In June, Orr put forward an initial proposal on how Detroit should deal with its $18.5 billion in debt and liabilities that offered unsecured creditors only pennies on the dollar to settle their claims. Orr raised eyebrows by declaring that holders of most of Detroit’s general obligation bonds would be treated as unsecured creditors who would be part of a group that would receive pro-rata shares of $2 billion in notes to settle their $11.5 billion in claims.

Detroit says about half its liabilities stem from retiree benefits, with $5.7 billion in liabilities relating to retiree healthcare and another $3.5 billion from pensions.

Likely cuts to retiree pensions and changes in healthcare benefits have been at the heart of the objections from the city’s unions, pension funds and retirees. Orr drew pointed questions from Rhodes over possible cuts during his time on the witness stand in the eligibility trial last month.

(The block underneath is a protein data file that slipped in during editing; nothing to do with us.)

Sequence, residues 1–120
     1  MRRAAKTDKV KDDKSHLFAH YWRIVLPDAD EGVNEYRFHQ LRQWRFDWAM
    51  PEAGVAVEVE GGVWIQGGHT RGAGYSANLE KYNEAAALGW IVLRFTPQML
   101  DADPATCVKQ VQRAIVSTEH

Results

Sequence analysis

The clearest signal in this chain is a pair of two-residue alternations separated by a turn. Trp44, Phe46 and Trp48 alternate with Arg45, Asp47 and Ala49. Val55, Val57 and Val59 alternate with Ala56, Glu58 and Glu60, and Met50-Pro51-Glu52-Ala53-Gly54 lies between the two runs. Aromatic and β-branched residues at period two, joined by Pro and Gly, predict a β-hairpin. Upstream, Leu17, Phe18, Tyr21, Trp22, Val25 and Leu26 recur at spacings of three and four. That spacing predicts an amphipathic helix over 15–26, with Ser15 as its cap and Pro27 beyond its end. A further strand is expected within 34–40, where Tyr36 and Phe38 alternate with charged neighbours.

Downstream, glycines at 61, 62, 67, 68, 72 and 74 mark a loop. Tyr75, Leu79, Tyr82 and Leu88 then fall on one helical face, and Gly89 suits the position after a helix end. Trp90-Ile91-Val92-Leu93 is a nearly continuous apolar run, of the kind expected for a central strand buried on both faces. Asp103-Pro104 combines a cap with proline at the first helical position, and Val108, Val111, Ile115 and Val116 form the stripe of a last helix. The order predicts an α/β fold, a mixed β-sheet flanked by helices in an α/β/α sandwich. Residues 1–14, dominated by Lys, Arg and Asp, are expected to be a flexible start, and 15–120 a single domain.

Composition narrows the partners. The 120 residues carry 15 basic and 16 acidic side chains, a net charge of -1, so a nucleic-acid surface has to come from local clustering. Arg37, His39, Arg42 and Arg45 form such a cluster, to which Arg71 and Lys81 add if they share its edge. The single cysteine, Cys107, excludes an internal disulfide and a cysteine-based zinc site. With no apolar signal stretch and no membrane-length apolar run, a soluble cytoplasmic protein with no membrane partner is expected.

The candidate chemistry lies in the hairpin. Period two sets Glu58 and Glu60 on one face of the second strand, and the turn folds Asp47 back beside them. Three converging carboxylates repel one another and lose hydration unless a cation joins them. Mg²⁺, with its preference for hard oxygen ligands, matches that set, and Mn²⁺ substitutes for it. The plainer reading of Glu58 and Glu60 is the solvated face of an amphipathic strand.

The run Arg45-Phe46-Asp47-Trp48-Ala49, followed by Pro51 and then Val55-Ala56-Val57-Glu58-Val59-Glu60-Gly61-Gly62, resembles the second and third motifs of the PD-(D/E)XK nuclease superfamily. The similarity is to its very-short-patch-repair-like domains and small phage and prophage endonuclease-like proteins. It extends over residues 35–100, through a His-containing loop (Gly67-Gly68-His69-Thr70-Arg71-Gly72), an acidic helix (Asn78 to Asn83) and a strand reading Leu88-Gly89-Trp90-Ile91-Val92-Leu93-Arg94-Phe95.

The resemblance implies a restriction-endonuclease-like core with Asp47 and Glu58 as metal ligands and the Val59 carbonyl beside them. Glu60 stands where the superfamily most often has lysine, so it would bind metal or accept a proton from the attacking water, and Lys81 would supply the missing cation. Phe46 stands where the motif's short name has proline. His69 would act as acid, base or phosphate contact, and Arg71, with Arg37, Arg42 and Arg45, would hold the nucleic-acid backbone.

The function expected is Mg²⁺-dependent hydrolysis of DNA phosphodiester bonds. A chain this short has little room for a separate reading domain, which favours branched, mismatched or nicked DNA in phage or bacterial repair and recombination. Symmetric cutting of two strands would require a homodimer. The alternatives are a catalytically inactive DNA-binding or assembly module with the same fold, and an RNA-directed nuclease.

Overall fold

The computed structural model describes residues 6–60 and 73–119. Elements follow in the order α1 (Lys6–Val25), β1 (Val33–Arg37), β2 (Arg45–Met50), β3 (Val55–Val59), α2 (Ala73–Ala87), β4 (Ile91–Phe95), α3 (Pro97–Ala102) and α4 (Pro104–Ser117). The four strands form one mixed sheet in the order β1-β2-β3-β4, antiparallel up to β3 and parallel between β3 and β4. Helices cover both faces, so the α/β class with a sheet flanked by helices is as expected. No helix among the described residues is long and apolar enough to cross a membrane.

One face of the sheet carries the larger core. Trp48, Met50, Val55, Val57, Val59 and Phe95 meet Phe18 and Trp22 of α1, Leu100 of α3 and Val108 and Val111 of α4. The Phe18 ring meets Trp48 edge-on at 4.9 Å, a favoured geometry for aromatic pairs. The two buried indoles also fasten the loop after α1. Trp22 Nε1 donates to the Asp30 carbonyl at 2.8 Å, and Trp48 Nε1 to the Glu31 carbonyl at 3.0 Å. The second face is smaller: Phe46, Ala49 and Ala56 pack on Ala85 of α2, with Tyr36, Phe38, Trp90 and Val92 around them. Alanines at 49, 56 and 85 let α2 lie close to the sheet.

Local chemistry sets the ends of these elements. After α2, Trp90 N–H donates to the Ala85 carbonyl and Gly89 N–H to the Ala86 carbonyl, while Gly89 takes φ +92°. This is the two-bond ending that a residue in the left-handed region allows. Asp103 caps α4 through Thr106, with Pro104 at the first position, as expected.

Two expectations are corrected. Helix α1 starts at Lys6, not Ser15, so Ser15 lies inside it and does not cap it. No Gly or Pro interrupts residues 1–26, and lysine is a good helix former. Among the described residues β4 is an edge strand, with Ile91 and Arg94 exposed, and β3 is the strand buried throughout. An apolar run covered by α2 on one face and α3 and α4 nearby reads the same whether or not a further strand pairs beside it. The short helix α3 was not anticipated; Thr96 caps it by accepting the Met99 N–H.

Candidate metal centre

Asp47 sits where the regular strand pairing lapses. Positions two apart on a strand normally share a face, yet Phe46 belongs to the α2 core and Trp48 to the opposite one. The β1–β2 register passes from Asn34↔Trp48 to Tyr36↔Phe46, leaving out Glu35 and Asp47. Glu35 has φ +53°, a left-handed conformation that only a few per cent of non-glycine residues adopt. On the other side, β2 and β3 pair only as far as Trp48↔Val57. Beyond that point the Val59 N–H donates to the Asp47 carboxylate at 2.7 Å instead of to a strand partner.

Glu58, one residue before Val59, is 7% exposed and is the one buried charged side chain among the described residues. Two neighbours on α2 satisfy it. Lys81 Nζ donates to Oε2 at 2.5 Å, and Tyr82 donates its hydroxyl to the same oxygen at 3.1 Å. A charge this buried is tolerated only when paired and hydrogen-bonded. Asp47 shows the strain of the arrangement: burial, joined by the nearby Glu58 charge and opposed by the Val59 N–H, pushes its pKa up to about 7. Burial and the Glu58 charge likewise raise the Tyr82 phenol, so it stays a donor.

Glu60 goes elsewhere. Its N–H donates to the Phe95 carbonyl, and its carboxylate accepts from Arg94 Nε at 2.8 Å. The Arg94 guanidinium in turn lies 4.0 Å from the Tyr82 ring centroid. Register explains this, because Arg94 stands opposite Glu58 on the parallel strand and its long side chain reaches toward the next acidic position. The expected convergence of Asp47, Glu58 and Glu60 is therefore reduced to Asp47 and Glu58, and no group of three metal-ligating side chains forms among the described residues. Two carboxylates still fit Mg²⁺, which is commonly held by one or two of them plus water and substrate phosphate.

“The state and the EM have had a lot of time to steer the course and plot the direction they’re going in,” said Brendan Milewski, a 34-year-old retired Detroit firefighter who was paralyzed in 2010 while battling a fire.

In some respects the Detroit Institute of Arts has become symbolic of the costs of allowing Detroit to fall into bankruptcy. Last week, a group of the largest creditors asked Rhodes to order an independent valuation of the museum’s 66,000-piece collection. One of the city’s most prized cultural assets, the museum includes paintings by Vincent van Gogh and Henri Matisse, an original cast of Auguste Rodin’s “The Thinker,” and a fresco mural by Mexican artist Diego Rivera. Christie’s has not yet issued its valuation of the museum’s collection.

Bill Nowling, Orr’s spokesman, said in an email last week that the city disagrees with the creditors’ filing, but the move helps “illustrate the lengths they are willing to go to ensure they receive payment.”

© 2013 Thomson/Reuters. All rights reserved.

Source: Newsmax.com

Cuba’s Catholic Church Calls for Accelerated Reforms.